Quantcast
Environmental News for a Healthier Planet and Life

Help Support EcoWatch

Drought Won't Stop July 4th Fireworks in Some Dry States

Climate
Drought Won't Stop July 4th Fireworks in Some Dry States

It's so dry around Phil Griego's New Mexico village that grass crunches when ranchers like himself shift horses, cattle and other animals from one field to another.

That's why the Democratic state senator tried to pass an update to New Mexico fireworks laws that would have provided cities and counties more authority to ban fireworks when fires are more likely. It didn't happen, despite support from fire departments, both sides of aisle and the governor, who has wanted to change the law for about three years.

Griego told The Associated Press that he hopes the law is revisited sooner than later.

"This is critical because I don't think this drought and this situation we're in right now is going to pass any time soon," Griego said. "For this year, it's done and over, but we've got to start working on next year. We've got to have protections. Look at the fires that are taking place now with just lightning strikes."

Fireworks restrictions vary in some of the nation's driest states, despite the risks of drought fires. Photo credit: Kevin Stanchfield/Flickr Creative Commons

Things are different in California, which suffered has been rocked by three dry winters and an ongoing drought impacting water supplies, food prices and more. Few cities allow the sale and use of legal fireworks. The state's forestry division has enacted an open-burn ban this week for millions of acres it manages. It also has a zero-tolerance policy for illegal fireworks.

Arizona began allowing the sale and use of some fireworks four years ago, but has updated laws to prohibit them in the counties of the state's two largest cities—Phoenix and Tucson—but only around the July 4 holiday. The Phoenix Fire Department will place trucks around the city to quickly respond to potential brush fires, while city employees will monitor hiking trails.

Some lawmakers in Texas declined to impose fireworks restrictions on small businesses, so legislation to empower the state fire marshal stalled.

Utah is much more aggressive, authorizing counties to restrict fireworks in unincorporated areas. Fire risk caused more than 50 cities and towns to impose more restrictions this year.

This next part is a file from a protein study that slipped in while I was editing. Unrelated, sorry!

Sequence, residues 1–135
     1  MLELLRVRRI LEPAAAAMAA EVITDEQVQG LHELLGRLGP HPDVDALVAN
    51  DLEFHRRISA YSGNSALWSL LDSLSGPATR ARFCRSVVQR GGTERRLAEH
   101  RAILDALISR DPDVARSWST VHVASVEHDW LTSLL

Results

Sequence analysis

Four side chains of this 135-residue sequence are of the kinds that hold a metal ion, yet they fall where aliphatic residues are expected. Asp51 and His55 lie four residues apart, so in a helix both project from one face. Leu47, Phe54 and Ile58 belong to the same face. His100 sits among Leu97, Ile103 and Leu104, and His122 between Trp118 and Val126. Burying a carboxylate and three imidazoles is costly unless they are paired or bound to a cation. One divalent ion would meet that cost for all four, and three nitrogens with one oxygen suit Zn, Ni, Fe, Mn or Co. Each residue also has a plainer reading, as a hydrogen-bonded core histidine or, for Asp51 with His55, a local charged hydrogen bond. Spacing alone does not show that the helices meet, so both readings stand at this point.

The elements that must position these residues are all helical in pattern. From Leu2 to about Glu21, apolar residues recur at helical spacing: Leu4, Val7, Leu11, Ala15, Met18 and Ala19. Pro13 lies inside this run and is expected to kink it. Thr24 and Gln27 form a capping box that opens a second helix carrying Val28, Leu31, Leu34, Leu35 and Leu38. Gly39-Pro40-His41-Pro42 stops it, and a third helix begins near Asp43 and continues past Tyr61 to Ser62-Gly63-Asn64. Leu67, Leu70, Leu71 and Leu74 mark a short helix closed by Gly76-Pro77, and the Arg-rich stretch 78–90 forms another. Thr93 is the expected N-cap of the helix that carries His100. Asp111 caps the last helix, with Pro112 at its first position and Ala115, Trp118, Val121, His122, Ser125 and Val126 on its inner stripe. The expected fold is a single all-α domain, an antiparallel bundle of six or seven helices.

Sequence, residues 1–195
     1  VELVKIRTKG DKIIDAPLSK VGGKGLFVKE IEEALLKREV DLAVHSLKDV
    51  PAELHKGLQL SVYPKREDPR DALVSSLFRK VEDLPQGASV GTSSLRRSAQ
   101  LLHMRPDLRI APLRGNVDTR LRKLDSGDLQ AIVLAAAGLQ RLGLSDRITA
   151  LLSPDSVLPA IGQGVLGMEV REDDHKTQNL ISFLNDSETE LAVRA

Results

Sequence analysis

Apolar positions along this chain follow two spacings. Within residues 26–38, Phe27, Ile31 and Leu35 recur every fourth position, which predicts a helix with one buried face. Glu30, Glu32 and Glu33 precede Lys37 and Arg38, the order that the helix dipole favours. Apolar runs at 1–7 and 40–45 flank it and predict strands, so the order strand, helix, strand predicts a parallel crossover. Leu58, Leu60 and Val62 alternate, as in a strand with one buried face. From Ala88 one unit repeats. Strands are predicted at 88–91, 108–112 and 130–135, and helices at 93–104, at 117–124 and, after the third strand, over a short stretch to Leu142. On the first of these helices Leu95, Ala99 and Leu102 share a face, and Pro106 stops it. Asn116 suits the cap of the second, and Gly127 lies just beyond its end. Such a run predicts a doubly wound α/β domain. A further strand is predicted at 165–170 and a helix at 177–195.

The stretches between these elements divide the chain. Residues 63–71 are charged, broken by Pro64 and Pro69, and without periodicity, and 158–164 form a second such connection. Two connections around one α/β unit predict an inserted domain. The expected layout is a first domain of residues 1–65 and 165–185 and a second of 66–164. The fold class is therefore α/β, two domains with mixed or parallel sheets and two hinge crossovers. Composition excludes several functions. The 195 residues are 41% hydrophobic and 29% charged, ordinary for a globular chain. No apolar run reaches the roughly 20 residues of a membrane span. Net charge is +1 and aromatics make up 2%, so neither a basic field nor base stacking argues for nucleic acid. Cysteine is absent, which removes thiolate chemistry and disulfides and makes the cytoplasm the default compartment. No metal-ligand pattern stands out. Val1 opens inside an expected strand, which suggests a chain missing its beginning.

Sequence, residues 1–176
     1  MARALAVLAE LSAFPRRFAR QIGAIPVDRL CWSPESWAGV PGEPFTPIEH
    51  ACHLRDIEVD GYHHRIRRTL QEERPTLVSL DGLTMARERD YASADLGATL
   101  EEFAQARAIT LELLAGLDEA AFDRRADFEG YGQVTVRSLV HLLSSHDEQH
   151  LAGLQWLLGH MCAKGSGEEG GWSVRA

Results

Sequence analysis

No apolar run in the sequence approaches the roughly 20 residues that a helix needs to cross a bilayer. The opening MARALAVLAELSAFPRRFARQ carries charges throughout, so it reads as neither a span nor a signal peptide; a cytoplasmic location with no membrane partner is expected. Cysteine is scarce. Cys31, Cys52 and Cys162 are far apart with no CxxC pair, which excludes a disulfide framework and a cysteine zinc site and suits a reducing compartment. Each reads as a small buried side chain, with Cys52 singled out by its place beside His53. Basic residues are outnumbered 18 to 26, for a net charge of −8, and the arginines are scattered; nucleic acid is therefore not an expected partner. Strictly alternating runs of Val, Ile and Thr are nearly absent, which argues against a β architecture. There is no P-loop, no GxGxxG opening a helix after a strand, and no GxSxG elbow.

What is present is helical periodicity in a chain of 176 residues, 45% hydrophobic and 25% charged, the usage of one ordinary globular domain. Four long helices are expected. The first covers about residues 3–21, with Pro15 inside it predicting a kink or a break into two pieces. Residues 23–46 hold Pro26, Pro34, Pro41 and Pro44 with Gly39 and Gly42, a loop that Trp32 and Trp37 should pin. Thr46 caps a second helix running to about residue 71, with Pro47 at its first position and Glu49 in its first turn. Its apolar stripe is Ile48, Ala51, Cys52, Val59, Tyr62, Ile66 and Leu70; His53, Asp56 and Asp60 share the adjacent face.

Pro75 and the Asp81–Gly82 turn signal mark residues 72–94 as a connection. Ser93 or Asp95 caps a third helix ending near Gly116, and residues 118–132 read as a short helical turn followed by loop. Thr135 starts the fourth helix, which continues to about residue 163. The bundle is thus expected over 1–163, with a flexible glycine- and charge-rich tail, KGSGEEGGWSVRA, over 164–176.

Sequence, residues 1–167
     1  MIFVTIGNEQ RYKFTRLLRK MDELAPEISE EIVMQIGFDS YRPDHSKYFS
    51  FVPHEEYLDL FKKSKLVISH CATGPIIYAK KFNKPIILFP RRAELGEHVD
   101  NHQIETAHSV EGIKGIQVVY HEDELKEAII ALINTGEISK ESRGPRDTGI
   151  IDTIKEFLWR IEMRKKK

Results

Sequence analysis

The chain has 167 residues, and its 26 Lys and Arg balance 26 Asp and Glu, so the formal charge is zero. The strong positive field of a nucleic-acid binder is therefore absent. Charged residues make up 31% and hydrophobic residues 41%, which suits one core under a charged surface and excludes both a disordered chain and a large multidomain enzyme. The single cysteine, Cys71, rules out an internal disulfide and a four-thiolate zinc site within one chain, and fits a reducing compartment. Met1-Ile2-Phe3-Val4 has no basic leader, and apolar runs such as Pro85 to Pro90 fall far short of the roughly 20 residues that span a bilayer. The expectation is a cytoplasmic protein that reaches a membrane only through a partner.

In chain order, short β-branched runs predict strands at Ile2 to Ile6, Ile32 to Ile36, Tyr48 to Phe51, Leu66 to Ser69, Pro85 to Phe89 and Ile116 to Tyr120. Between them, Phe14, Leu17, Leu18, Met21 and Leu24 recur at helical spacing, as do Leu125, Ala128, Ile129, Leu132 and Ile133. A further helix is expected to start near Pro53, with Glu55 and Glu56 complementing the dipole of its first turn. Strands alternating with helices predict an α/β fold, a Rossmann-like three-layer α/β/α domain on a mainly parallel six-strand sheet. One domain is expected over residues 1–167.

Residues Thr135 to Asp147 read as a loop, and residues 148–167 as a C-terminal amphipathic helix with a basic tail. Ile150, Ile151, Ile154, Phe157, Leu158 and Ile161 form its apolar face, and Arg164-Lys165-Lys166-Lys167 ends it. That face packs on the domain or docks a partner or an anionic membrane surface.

"We're trying to keep control on it," Glenn D'Auria, president of the Arizona Fire Marshals Association and a Tucson fire inspector, told the AP. "It's new for us. It's not like back East where people grew up with it.

"It's a new toy to play with out here."

 

The 2020 presidential election poses a critical test of climate conservatives' willingness to put their environmental concerns before party politics. filo / Getty Images

By Ilana Cohen

Four years ago, Jacob Abel cast his first presidential vote for Donald Trump. As a young conservative from Concord, North Carolina, the choice felt natural.

But this November, he plans to cast a "protest vote" for a write-in candidate or abstain from casting a ballot for president. A determining factor in his 180-degree turn? Climate change.

Read More Show Less

EcoWatch Daily Newsletter

Headquarters of the World Health Organization in Geneva amid the COVID-19 outbreak on Aug. 17, 2020. FABRICE COFFRINI / AFP via Getty Images

The World Health Organization (WHO) announced Monday that 64 high-income nations have joined an effort to distribute a COVID-19 vaccine fairly, prioritizing the most vulnerable citizens, as Science reported. The program is called the COVID-19 Vaccines Global Access Facility, or Covax, and it is a joint effort led by the WHO, the Coalition for Epidemic Preparedness Innovations (CEPI) and Gavi, the Vaccine Alliance.

Read More Show Less

Trending

Exterior of Cold Tube demonstration pavilion. Lea Ruefenacht

By Gloria Oladipo

In the face of dangerous heat waves this summer, Americans have taken shelter in air conditioned cooling centers. Normally, that would be a wise choice, but during a pandemic, indoor shelters present new risks. The same air conditioning systems that keep us cool recirculate air around us, potentially spreading the coronavirus.

Read More Show Less
A Botswana elephant stands in a body of water. Geschenkpanda / Pixabay

Toxins in water produced by cyanobacteria was likely responsible for more than 300 elephant deaths in Botswana this year, the country's wildlife department announced on Monday.

Read More Show Less
Activists gather in John Marshall Park for the Global Climate Strike protests on September 20, 2019 in Washington, DC. Samuel Corum / Getty Images

By Alexandra Villarreal

As West coast wildfires color the skies dystopian red and orange and an aggressive hurricane season batters the U.S. Gulf coast, college students are demanding their schools take bold action to address the climate crisis.

Read More Show Less

Support Ecowatch